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Thursday, February 28, 2008

SMX West Day 3: "Matt & Danny and Rand! Oh My!"

I'm just back from three days at SMX West in Santa Clara with an observation which has me puzzled, but one that comes down to my own quirk of valuing SEO topics over "SEO personalities." Over those three days, I overheard several groups of colleagues who had gathered around the large conference schedule boards to choose their next sessions.

One of these gatherings this afternoon had me wondering where people placed their priorities when two of those standing there chose which session they would attend by which SEO Rockstar was on the panel or by which SEO celebrity was speaking. "Matt Cutts is on that panel, I'm going to that one!" was the line that got me thinking about this. (Matt seems like a great guy, but why would I attend his session if he's talking about "linking" - really, how much more can be said about it?)

I chose a great session with Shari Thurow and Lance Loveday on "SEO and Usability" and came away with some great insights and valuable case studies to quote to my clients when they insist on elements that look pretty, but suck for SEO value. While it's great to get authoritative answers on things that matter to your business or your SEO passions, I don't recall ever having chosen even one of the three hundred or so conference sessions (over the eight years I've attended SEO shows) with the criteria of celebrity - I choose them based on the topic of discussion.

This habit has left me more than annoyed several times when the title of the session was a bit misleading - but I continue to choose based on the topic, rather than the speakers. I've also missed wonderful sessions because someone wanted to be "creative" rather than descriptive, something I somehow believe wouldn't happen at an SEO conference.

This morning I missed one I would have loved to attend called "Industrial Strength SEO" which was about SEO for large enterprise sites, not power plants and sewage treatment SEO. This is one case where knowing Marshall Simmonds (SEO for New York Times/ Primedia) was a speaker would have been worth knowing as I would have recognized the reason for that silly title. New York SES last year called this session "BIG SEO" which was a bit clearer. Grrrrr. (Yes I could have looked at the show guide book, but I wasn't carrying it - please guys, pretend you're optimizing your conference schedule, will ya?

Another item had me scratching my head as well when I saw that you could purchase a "Networking Only Pass" for $250, which let you into cocktail receptions, parties and other non-conference events. That pass comes with two drink tickets and permission to stand in a room with a few hundred strangers munching pretzels while holding a drink in one hand and business cards in the other. (I wonder if I could "rent" my "All Access" pass to someone for those events, since I always leave? Hmmm.)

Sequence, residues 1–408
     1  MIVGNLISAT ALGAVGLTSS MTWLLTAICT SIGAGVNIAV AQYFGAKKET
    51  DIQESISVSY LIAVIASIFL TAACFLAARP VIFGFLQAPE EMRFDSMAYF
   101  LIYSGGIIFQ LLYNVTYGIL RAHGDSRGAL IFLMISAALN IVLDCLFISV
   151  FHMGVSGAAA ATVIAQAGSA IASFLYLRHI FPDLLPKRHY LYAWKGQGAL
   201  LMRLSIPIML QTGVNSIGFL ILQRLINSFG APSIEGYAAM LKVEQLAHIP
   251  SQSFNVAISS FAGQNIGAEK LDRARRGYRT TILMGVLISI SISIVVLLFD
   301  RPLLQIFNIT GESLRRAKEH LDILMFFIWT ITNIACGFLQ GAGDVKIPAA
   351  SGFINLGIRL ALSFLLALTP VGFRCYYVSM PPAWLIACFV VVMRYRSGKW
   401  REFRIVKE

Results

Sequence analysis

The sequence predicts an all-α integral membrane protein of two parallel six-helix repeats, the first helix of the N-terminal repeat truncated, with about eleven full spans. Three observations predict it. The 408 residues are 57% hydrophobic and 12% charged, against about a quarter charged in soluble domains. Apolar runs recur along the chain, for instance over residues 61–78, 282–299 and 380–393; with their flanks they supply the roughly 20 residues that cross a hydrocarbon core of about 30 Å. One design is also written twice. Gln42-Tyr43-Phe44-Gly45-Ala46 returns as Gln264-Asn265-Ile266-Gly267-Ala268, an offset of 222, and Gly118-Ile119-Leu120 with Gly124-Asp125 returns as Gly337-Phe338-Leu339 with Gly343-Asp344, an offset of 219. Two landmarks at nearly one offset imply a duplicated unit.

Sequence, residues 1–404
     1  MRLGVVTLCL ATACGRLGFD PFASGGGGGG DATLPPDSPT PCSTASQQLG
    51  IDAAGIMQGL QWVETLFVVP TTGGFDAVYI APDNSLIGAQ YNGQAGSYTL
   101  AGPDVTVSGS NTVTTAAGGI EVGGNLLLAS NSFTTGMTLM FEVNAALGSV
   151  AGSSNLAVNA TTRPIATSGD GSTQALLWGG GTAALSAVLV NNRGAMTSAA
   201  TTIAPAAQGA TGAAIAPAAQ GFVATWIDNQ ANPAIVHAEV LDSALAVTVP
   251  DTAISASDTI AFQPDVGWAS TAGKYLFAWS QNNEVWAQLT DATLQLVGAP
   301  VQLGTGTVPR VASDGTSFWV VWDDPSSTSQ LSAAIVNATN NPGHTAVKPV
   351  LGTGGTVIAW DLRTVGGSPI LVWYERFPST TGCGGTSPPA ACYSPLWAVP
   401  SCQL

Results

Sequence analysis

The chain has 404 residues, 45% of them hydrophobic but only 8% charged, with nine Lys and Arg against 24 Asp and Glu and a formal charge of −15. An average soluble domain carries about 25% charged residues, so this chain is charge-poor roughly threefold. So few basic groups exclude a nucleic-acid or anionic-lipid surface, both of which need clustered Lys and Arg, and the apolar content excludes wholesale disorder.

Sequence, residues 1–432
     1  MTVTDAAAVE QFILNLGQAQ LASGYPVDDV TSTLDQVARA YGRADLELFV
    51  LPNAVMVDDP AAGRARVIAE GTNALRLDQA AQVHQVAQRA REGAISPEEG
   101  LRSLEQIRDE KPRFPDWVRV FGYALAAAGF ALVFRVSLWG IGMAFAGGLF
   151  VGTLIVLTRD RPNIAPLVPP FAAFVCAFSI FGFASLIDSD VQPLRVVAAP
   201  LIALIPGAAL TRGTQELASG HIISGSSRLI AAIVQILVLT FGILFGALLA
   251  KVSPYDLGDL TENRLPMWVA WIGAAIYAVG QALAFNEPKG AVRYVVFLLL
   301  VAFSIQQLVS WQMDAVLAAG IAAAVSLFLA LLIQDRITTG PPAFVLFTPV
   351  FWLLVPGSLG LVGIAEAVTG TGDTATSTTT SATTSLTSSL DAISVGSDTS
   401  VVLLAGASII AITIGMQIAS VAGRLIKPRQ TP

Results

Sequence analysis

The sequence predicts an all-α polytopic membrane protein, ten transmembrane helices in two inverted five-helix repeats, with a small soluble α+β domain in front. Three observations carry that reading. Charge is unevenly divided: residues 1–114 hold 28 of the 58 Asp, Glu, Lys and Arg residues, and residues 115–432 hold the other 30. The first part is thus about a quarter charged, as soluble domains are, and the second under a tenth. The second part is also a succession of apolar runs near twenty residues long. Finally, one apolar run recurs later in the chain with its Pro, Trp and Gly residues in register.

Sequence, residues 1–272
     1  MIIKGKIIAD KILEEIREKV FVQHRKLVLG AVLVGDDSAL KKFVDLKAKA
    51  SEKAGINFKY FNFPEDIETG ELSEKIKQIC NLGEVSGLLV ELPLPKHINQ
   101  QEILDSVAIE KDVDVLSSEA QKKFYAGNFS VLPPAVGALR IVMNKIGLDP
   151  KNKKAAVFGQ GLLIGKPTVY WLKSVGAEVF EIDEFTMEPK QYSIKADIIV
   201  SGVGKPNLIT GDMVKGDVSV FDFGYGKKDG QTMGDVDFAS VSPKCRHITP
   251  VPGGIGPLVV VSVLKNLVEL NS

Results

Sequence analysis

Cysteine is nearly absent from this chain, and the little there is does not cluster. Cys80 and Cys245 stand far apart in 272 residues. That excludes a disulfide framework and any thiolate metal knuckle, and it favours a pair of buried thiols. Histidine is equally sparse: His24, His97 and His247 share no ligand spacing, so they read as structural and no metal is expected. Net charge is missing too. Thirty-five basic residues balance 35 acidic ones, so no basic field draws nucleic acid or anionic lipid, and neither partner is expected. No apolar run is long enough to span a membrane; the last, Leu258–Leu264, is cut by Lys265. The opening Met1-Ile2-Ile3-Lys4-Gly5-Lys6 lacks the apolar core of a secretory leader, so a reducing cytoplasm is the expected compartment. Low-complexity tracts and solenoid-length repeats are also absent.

I just don't get it, but props to Third Door Media for recognizing that people will pay good money for this. ;-) While there is no doubt that networking can be valuable, I'm a bit confused as to the value of networking with your competitors. Don't get me wrong, please. I think that Rand Fishkin, Danny Sullivan, and Lee Odden are probably all great guys, as a matter of fact, I think, based on things I've read on their blogs (and SEO Podcasts) that I'd probably be honored to call each of them friends - but they surely have plenty of friends already and I just can't imagine wading through the adoring fans to say hi. I probably have more in common with Kim Berg of Cre8pc who said:

"I’m goofy. I’m terrible with names. I’m shy and uncomfortable in crowds until I get a sense of the place."
It all comes down to personality I guess. I like it quiet while I'm working, I don't party and I've NEVER approached a speaker after a session unless I had something of value to offer them

I have approached precisely three speakers after conference sessions in eight years of attending - to trade business cards and then I've called each of them afterward on business.

There are those of us who love SEO work and love to discuss it with the odd friend or two willing to hear about the value of robots.txt auto-discovery of xml sitemaps. I am not like Shoemoney, who recently told the world, "I do not like 95% of SEO's" - because I actually do very much like most SEO's, but not because they are famous to a couple of thousand other SEO's. I like SEO's because they are usually very smart and interesting people.

Then there are those who worship at the feet of celebrity.

You have probably guessed that I don't watch the Oscars and can't name more than a dozen or so movie stars, but I still watch movies. I tend to choose those movies I watch based on the genre, good critical reviews or by the subject of a good documentary - NOT the BIG names on the marquee - go figure. Probably why I don't read people magazine or ask SEO Celebrities to pose for a photo with me.

PS: GREAT show Chris and Danny! Though I'm sure you don't know me from Adam, (no not Adam Lasnik - Adam the cliche) if you see this blog post, I want you to know that I chose this show and got more from it than from SES New York last year and won't be going to New York for that show next week. I also attended SMX local and Mobile in Denver and loved that one too. I wish I could attend SMX Seattle in June, but the conference budget is blown for this year. The program gripes are minor and I have nothing but praise for the line-up of speakers and their topics. Damn! Shari, can you teach SMX about conference schedule usability? ;-)